Research on the Islamic State, Syria, and Iraq

Aymenn Jawad al-Tamimi, a research fellow at the Middle East Forum’s Jihad Intel project, writes extensively about the Islamic State (also known as ISIS) and other armed groups in Syria and Iraq.

As his writings and translations tend to be too detailed for a general readership, we periodically compile links and summaries for those wishing to learn about the groundbreaking work of this prolific researcher.

Research on ISIS
Profile of a relatively obscure pro-regime militia, Al-Muqawama al-Wataniya al-Souriya: Liwa Khaybar (The Syrian National Resistance: Khaybar Brigade), drawing on the author’s interview with its leader, known as Abu Ja’afar (aka The Scorpion). Drawing its mostly Shia members largely from Homs and its environs, Liwa Khaybar says it operates on fronts throughout northern Syria. However, it has claimed only 32 “martyrs” thus far, suggesting it is “a minor player in the Syrian conflict.”

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A discussion of IS transportation and migration across the Syria-Turkey border, drawing on IS documents captured by Kurdish YPG forces after expelling IS from the town of Tel Abyad in northern Raqqa province in June. The documents illustrated “what can be most charitably described as negligence towards the problem of IS and border movement in the period from 2013 until early 2015.” But following the fall of Tel Abyad and IS-linked terror attacks on Turkish soil, it is “undeniable that Turkey has made an effort to tighten border security” in areas where IS operates, notes Jawad al-Tamimi, though it is even tighter for border areas controlled by Kurds.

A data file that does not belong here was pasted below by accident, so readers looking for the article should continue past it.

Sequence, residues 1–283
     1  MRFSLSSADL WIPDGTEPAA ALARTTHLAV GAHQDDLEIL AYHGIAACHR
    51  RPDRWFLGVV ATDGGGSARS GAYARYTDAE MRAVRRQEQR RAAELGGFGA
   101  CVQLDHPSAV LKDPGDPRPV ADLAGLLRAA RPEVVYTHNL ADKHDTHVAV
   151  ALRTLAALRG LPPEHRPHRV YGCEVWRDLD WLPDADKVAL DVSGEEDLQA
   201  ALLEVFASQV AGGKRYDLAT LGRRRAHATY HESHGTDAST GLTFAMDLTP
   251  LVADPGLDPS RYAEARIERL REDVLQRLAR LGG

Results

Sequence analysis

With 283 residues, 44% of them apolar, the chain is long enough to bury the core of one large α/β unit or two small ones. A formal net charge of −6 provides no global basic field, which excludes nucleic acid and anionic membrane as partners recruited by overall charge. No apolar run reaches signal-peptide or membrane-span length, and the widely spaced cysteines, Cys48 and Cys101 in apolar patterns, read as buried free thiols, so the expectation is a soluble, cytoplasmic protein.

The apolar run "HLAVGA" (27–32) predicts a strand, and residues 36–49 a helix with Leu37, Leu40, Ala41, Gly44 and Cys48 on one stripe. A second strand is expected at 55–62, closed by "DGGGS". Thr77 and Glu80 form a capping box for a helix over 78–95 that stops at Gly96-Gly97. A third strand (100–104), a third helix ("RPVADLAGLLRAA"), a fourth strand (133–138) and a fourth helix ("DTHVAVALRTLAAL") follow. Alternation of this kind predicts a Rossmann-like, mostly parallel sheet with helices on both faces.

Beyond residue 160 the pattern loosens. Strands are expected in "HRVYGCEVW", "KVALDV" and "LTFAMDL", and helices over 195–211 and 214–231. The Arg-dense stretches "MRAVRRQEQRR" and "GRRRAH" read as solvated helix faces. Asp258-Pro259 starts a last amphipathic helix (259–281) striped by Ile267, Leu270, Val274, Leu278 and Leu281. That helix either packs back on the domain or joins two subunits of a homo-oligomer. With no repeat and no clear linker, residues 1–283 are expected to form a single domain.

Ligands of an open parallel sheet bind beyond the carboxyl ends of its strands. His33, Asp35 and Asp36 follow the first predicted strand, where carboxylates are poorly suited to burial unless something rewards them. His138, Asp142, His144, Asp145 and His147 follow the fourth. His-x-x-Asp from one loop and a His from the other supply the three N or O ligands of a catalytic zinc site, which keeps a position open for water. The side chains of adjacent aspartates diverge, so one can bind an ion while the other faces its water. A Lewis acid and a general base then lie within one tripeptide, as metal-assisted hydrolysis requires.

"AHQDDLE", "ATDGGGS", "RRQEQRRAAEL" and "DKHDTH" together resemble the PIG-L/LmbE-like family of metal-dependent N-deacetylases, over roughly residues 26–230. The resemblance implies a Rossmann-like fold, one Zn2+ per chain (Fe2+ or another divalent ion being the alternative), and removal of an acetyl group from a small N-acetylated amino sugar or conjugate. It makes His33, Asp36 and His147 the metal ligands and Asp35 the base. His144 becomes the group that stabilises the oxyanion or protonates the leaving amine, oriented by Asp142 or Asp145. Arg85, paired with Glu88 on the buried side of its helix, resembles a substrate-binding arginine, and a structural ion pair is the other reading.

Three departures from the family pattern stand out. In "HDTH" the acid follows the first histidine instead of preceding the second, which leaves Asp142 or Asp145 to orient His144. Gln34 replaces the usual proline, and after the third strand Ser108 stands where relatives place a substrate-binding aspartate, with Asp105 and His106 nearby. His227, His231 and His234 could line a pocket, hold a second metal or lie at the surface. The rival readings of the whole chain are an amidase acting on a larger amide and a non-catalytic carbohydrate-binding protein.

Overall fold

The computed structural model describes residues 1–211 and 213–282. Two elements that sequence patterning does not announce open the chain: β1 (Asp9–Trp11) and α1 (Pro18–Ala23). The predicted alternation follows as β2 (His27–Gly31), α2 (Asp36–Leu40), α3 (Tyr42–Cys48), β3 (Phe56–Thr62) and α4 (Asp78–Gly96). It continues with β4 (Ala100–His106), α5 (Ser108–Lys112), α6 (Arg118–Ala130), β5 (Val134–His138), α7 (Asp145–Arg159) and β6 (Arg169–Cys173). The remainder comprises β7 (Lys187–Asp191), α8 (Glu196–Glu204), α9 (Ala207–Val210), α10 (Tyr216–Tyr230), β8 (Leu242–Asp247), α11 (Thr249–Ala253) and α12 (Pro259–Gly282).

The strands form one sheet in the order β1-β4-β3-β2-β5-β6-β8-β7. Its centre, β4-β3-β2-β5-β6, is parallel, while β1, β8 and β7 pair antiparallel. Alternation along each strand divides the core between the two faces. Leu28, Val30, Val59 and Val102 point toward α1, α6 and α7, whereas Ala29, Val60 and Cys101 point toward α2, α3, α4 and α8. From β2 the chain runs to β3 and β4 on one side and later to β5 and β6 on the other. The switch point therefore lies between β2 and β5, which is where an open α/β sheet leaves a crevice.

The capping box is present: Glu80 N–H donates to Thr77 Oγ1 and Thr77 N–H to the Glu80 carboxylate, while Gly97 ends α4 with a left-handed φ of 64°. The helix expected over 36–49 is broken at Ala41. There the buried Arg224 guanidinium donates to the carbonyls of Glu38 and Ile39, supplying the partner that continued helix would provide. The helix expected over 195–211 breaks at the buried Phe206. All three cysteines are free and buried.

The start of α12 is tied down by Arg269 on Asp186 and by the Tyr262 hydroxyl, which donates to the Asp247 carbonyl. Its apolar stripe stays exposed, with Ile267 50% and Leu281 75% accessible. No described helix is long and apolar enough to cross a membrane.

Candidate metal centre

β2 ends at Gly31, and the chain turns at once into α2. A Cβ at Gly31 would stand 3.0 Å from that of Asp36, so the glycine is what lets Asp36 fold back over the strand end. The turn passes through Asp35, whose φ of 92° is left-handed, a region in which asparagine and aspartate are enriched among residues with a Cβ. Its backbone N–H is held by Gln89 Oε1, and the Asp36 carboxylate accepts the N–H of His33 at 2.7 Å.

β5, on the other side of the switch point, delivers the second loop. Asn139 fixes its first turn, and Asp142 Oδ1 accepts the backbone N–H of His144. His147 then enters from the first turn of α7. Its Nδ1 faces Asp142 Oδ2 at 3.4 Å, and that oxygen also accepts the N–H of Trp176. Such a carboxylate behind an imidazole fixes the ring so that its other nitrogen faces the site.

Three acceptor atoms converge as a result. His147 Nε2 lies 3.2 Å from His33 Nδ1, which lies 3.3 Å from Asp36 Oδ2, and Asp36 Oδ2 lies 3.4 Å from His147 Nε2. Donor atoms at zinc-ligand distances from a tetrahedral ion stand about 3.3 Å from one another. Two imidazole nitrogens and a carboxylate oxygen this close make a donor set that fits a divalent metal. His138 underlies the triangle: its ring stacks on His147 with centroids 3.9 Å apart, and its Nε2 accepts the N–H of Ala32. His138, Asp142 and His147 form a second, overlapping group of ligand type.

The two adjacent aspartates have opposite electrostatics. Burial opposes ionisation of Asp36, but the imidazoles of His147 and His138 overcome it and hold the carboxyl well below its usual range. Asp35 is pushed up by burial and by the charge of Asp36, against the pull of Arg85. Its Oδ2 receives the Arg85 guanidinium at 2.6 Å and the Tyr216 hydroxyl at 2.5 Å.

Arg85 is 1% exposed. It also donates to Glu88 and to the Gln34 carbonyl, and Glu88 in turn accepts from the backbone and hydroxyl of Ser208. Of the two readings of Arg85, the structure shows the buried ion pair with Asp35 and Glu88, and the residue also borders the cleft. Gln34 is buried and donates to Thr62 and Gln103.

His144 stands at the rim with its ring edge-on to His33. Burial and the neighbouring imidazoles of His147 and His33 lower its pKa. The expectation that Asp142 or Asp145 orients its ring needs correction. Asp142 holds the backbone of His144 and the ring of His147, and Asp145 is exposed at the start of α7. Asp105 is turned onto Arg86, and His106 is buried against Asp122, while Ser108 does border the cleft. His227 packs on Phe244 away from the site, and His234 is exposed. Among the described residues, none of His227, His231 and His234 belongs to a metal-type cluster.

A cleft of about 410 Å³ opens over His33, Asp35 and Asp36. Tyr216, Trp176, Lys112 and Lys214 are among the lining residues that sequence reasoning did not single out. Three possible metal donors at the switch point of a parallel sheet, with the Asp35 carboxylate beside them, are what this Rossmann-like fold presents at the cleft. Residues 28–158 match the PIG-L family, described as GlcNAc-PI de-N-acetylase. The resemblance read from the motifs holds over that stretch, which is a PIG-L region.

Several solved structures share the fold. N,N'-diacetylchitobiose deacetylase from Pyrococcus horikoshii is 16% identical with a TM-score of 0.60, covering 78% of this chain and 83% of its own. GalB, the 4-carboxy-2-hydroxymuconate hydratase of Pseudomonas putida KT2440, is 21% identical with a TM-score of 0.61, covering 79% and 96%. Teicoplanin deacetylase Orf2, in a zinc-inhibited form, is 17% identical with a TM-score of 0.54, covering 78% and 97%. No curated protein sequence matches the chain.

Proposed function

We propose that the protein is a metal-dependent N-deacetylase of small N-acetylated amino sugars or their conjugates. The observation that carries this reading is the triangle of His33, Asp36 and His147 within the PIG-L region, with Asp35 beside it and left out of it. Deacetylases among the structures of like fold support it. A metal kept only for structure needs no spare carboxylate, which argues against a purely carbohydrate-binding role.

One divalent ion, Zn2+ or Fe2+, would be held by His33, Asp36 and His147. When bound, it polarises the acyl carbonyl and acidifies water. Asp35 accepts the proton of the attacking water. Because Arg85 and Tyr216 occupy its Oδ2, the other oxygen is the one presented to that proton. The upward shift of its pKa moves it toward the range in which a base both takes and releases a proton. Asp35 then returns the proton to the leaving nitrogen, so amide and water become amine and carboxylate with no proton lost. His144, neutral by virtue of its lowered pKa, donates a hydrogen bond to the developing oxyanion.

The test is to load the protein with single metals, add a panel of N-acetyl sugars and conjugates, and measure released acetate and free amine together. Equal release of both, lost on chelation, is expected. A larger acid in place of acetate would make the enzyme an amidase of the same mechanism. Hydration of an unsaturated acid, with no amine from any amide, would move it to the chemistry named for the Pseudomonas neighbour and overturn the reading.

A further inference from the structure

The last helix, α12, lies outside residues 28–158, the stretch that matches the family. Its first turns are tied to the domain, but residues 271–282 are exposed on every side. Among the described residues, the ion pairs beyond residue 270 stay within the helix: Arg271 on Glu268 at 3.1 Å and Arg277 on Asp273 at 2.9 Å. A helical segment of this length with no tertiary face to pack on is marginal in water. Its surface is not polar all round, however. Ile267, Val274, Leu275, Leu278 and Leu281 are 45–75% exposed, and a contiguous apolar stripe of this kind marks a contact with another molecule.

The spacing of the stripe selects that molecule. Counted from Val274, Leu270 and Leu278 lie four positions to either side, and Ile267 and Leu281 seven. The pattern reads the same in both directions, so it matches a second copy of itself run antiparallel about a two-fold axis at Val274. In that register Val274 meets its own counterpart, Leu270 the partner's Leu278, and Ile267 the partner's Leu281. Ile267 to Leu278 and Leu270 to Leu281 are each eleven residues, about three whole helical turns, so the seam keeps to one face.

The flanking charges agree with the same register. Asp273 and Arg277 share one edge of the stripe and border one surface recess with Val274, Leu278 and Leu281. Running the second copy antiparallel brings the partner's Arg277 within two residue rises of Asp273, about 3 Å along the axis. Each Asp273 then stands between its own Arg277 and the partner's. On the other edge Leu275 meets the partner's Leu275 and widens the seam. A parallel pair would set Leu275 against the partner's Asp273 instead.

Translation of a eulogy for Abu Nabil al-Anbari, an IS leader in Libya killed in a U.S. drone strike in November 2015. An Iraqi national involved in jihadist activities there since 2004, Anbari was dispatched to Libya in September 2014 to lead the nascent IS branch in the country. Excerpt: “The bloodshed that he caused the Rafidites [Shi’a], apostates, and Crusaders in Iraq did not suffice for him. He mounted the excellence of death that took him to the enemies of his Lord in Libya.”

Translation of a detailed history of IS leader Abu Bakr al-Baghdadi published in a long series of tweets by Abu al-Waleed al-Salafi (whose history of Jamaat Ansar al-Islam the author previously translated). Includes details on a variety of others who have occupied leadership positions in IS and its predecessors.

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